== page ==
It was opened in 1849. There are two train companies with service to Eton-Winsor. The railway lines were racing to provide service to Windsor –probably because they both wanted the prestige of possibly carrying royal passengers- and both opened around the same time. Eton College is across the river from Windsor and at the time, the college leadership opposed the coming of the railway because they thought it would lead the Eton boys astray.
For some reason I was expecting Windsor to be a quaint village lost in time. While there are obviously many old and historic buildings, it is actually quite upscale. We walked around Windsor and took some pictures before heading to the castle.
One place I’d been keeping an eye out for was Nell Gwyn’s house. Nell was born in 1650 (or 1642, depending on the source) . She became a very famous actress, but more importantly she also became famous as the mistress of King Charles II. Perhaps she’d be shocked to learn that her old house in Windsor is now a Chinese restaurant?
The original castle at Windsor was built by William the Conqueror in the 11th century. It has been in use as a royal residence since the 1100’s. Over the ensuing years, other monarchs have continued to add to it and/or remodel it. The existing castle is mostly the result of renovations done in the 1800s by King George III and George IV. Queen Elizabeth II uses Windsor as her weekend home. The history of this castle is an extremely long story –too long to even try to do the Reader’s Digest version of (for those old enough to know what that even is!)
We took loads of pictures around the grounds. Unfortunately, they don’t allow photographs in the state rooms we were able to walk through. They were lavish and beautiful –like something you’d expect to see in a movie.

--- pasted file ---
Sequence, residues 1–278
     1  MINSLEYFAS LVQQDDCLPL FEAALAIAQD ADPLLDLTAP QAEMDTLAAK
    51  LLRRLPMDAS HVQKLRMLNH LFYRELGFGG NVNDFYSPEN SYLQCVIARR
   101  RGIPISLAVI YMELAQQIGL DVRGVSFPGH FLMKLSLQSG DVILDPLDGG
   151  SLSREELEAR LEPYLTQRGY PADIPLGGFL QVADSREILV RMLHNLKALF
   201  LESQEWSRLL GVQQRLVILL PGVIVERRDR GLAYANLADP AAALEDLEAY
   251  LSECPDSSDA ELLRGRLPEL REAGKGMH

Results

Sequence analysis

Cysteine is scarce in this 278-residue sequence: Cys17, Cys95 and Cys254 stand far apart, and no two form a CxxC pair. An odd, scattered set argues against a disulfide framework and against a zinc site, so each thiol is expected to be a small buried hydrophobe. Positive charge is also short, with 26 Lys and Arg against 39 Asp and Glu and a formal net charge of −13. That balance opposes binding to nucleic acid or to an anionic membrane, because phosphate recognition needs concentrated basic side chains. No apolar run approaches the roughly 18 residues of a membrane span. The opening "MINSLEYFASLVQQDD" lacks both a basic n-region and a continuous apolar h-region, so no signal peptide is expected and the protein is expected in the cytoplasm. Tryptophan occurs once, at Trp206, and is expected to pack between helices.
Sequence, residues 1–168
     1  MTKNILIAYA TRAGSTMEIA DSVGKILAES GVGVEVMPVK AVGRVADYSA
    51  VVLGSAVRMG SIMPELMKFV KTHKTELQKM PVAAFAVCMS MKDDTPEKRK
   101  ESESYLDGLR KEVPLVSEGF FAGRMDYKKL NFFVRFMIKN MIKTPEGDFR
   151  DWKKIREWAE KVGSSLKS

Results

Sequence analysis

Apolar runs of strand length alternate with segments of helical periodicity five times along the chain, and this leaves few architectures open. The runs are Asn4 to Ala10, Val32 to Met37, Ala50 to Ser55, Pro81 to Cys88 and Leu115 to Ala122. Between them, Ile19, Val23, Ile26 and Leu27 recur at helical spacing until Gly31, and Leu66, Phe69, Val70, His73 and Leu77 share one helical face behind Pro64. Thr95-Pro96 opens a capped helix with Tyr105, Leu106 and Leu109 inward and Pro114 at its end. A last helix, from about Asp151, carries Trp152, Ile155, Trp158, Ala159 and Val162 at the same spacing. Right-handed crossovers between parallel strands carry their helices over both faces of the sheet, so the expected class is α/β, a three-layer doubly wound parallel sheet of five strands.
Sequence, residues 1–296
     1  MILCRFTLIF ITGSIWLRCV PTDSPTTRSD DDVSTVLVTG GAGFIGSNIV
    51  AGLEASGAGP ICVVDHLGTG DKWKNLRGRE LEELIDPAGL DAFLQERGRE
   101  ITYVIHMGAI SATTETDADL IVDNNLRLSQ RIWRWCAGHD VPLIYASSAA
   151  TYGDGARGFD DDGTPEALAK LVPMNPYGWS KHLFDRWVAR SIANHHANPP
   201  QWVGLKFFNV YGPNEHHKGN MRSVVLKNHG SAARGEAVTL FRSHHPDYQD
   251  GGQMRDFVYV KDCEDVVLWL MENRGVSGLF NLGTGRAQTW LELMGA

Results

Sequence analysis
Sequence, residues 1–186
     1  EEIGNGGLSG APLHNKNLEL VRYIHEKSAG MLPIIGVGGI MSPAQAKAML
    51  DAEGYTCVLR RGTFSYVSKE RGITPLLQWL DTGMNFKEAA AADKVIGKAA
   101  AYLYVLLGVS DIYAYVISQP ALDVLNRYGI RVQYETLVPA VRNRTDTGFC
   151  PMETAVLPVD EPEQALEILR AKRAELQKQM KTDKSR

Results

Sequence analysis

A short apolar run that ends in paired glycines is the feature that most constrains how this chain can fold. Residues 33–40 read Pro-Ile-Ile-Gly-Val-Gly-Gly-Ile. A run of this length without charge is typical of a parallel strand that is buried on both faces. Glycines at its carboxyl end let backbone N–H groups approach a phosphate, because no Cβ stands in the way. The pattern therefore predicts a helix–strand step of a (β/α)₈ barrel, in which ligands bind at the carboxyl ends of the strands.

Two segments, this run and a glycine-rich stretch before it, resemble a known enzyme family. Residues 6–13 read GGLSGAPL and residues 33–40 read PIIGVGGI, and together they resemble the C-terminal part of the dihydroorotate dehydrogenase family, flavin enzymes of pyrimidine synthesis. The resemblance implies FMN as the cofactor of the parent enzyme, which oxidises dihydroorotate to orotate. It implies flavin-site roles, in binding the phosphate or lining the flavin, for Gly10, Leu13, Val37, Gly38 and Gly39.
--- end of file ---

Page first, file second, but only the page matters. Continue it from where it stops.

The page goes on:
Some will recognize St. George’s Chapel as the scene of two recent royal weddings, most notably Prince Harry and Meghan Markle (now the Duchess of Sussex). The chapel was first established in the 1300s. Like the castle, it has been added to and remodeled over the years. It is the mother church for the members of the Order of the Garter. Order of the Garter
I was surprised to realize that you get to the “famous” chapel steps by passing through the wall you see at the left edge of the picture. You enter into a very small paved area with a building called the Horseshoe Cloister a very short distance across from the stairs.
In typical me fashion, I didn’t get a picture to show how small this area is. I was going to take a picture of the horseshoe building, but there were two girls in the way taking a picture of a cat on a car. Did I say A picture? Maybe 50? I gave up waiting for them to move out of my frame and moved on myself.
A couple more photos after leaving the castle:
We took a brief “wander” across the Thames River to the edges of Eton, which appeared a bit more like what I’d imagined Windsor would be.
Then it was back to the train station
This last picture was taken at Staines, where we had to change trains.